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I'm hosting a service that provides custom domains to our customers. They are given an IP address (obtained from our hosting company) and then point an A record for subdomain.companyname.com to our server. We also provide an SSL certificate so each such domain is secured that way.

Our hosting company has been suffering some quality issues lately. But with the way things are set up now, moving to another company would be extremely onerous: we'd be assigned a new block of IP addresses, and we'd have to go back to every customer and have them update their DNS A record to point to the new location.

Going forward, we're researching different ways to manage this risk. In my mind, I'm imagining a kind of DNS proxy service, where we give our customers just one IP address, and they all point to that service. The service would then map those domains to our assigned IP address. If we opted to move to a different hosting company, we would only need to go into this proxy service to update the records, and our customers would be little the wiser.

My knowledge of the DNS system is a bit less than perfect, so I'm having trouble wrapping my head around what kind of service I'm looking for.

We already have something like 200 customers setup like this, so the solution I'm looking for now would be deployed for new, incoming customers, and then be slowly migrated to the existing base.

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2 Answers 2

up vote 5 down vote accepted

What I would think that you'd want to do is maintain your DNS server with A records, then have your customers use CNAMES to point to those A records.

So in your DNS server you'd have a customer with the domain name mysite.com that you are hosting. In your DNS server you setup mysite-com.AaronVegh.com (where AaronVegn.com is your companies site). Then your customers setup a CNAME for mysite.com to point to mysite-com.AaronVegh.com. Now you can change the IP in your DNS server if you move without them having to reconfigure their DNS servers.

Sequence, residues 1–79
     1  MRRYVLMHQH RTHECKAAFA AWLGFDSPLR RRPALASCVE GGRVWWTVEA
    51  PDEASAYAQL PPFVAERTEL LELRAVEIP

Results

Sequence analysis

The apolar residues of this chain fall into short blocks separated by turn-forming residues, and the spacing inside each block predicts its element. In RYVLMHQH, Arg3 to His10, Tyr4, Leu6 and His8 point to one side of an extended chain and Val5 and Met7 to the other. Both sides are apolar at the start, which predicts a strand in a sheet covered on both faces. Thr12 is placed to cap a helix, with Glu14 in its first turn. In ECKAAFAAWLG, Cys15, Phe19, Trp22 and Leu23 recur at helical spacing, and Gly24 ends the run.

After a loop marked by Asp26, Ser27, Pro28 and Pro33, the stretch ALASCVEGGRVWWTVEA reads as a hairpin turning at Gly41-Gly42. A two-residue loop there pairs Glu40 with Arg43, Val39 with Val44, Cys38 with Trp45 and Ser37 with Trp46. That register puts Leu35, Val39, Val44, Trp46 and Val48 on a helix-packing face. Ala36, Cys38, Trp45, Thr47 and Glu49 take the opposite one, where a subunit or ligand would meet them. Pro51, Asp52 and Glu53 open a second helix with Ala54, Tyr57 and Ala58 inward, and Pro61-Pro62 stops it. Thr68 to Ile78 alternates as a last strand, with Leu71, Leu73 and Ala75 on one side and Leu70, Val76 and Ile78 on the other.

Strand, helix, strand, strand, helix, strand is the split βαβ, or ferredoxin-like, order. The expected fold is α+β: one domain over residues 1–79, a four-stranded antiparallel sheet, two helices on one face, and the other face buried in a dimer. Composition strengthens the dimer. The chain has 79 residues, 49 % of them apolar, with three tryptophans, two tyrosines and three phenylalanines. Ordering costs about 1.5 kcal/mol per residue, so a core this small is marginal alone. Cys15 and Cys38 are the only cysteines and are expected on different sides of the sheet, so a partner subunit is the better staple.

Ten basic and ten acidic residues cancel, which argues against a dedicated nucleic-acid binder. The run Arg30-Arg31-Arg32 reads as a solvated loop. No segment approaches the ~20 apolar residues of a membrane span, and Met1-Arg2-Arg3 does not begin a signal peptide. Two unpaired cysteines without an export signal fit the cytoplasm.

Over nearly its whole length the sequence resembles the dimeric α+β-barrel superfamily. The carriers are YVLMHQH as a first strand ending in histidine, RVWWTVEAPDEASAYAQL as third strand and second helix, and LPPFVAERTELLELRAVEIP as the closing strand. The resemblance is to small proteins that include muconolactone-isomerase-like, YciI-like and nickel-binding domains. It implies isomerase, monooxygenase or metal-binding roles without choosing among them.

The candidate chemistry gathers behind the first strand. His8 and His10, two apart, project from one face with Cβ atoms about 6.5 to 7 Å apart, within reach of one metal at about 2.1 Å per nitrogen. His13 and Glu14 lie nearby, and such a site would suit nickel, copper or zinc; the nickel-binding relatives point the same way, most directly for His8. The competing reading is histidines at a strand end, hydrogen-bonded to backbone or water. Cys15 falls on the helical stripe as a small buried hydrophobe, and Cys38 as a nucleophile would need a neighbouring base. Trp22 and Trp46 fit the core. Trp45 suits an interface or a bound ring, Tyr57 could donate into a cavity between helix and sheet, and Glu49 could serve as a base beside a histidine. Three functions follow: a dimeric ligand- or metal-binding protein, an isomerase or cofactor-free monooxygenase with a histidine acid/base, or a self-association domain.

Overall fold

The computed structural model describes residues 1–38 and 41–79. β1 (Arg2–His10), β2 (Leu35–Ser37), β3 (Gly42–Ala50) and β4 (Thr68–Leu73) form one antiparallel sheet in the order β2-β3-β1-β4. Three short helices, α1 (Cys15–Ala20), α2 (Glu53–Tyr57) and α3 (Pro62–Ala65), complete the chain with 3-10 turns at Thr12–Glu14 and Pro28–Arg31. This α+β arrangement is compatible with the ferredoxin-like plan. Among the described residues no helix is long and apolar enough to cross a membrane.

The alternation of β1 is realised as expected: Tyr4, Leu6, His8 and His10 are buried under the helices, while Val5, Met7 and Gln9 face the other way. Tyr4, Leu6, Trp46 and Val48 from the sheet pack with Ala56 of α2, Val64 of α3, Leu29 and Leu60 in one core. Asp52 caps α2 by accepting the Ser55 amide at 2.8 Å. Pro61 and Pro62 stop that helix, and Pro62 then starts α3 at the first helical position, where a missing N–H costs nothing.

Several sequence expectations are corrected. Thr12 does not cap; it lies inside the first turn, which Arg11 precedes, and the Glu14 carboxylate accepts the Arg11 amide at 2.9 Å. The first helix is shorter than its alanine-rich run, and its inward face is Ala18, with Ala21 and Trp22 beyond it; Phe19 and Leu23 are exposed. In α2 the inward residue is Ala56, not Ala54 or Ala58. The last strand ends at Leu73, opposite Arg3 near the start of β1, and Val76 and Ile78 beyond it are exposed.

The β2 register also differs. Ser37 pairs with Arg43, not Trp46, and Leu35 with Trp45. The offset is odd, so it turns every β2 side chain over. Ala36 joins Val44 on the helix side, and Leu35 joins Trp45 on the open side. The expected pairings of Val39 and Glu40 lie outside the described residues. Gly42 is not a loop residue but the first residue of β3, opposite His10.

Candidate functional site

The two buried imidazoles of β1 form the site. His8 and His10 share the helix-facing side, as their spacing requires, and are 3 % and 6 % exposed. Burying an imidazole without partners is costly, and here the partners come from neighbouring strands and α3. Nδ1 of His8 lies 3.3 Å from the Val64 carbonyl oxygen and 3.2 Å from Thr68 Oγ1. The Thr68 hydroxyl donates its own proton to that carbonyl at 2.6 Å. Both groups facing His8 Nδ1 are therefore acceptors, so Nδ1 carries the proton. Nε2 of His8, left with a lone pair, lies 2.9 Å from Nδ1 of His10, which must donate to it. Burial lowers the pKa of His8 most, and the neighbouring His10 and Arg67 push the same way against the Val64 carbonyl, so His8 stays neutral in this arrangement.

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With a CNAME, does the URL change after you go through the redirect? i.e. does subdomain.myclient.com/accountName become myclient.mycompany.com/accountName? Because that wouldn't be desirable... –  Aaron Vegh Apr 18 '12 at 20:13
    
Nope. The browser doesn't see any difference at all. There's an extra DNS lookup that has to be done so an extra few miliseconds the first time the user does the lookup, but after that it's cached in their ISPs DNS. Nothing changes at the browser level. –  mrdenny Apr 18 '12 at 20:15
    
Ah, cool. I'm not running a DNS server myself (my hosting company manages it). Would I be best to engage the services of a third party, and if so, would you recommend one? –  Aaron Vegh Apr 18 '12 at 20:18
    
If you use a third party that makes life MUCH easier if you change hosting providers. I wouldn't know who to recommend. I use the big evil GoDaddy for my stuff (say what you will about them, their stuff works). –  mrdenny Apr 18 '12 at 20:19

depends on details of this project solution can be from something very simple (cgi/shell/perl/php) to something more complicated... unfortunately as far as I know there is no tool that would just help you out of the box, so you may need to go custom route and do something that would fit your project.

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if you down vote you need to explain –  alexus Apr 18 '12 at 21:04
    
I'd say your answer is incredibly vague and provides absolutely no useful information. Edit: I'm not the one who downvoted –  Bigbio2002 Apr 18 '12 at 21:16
    
right, comment aimed to someone who actually did down vote, and question itself is very vague and doesn't really provide enough information to give exact answer, there are a lot of ways of going about pretty much anything, but without knowing exact requirements its hard to answer it. –  alexus Apr 18 '12 at 21:20
    
"write a custom solution" is advice that could apply to many projects. It's a boilerplate answer that doesn't address anything specific in the OP, and doesn't reflect any knowledge of the topics that the OP brought up (DNS). –  Bigbio2002 Apr 18 '12 at 21:31
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I was the initial "ninja downvoter", and have since been joined by one of my compadres I see. It's been well-discussed that downvotes don't need to be accompanied by explanations. If that were the case, the software would require it. @alexus has been around long enough to know better than to post this as an "answer". The downvote communicates that there's something wrong with the answer and in this case, I felt the answerer has been around long enough to figure out what was wrong. –  EEAA Apr 18 '12 at 23:41

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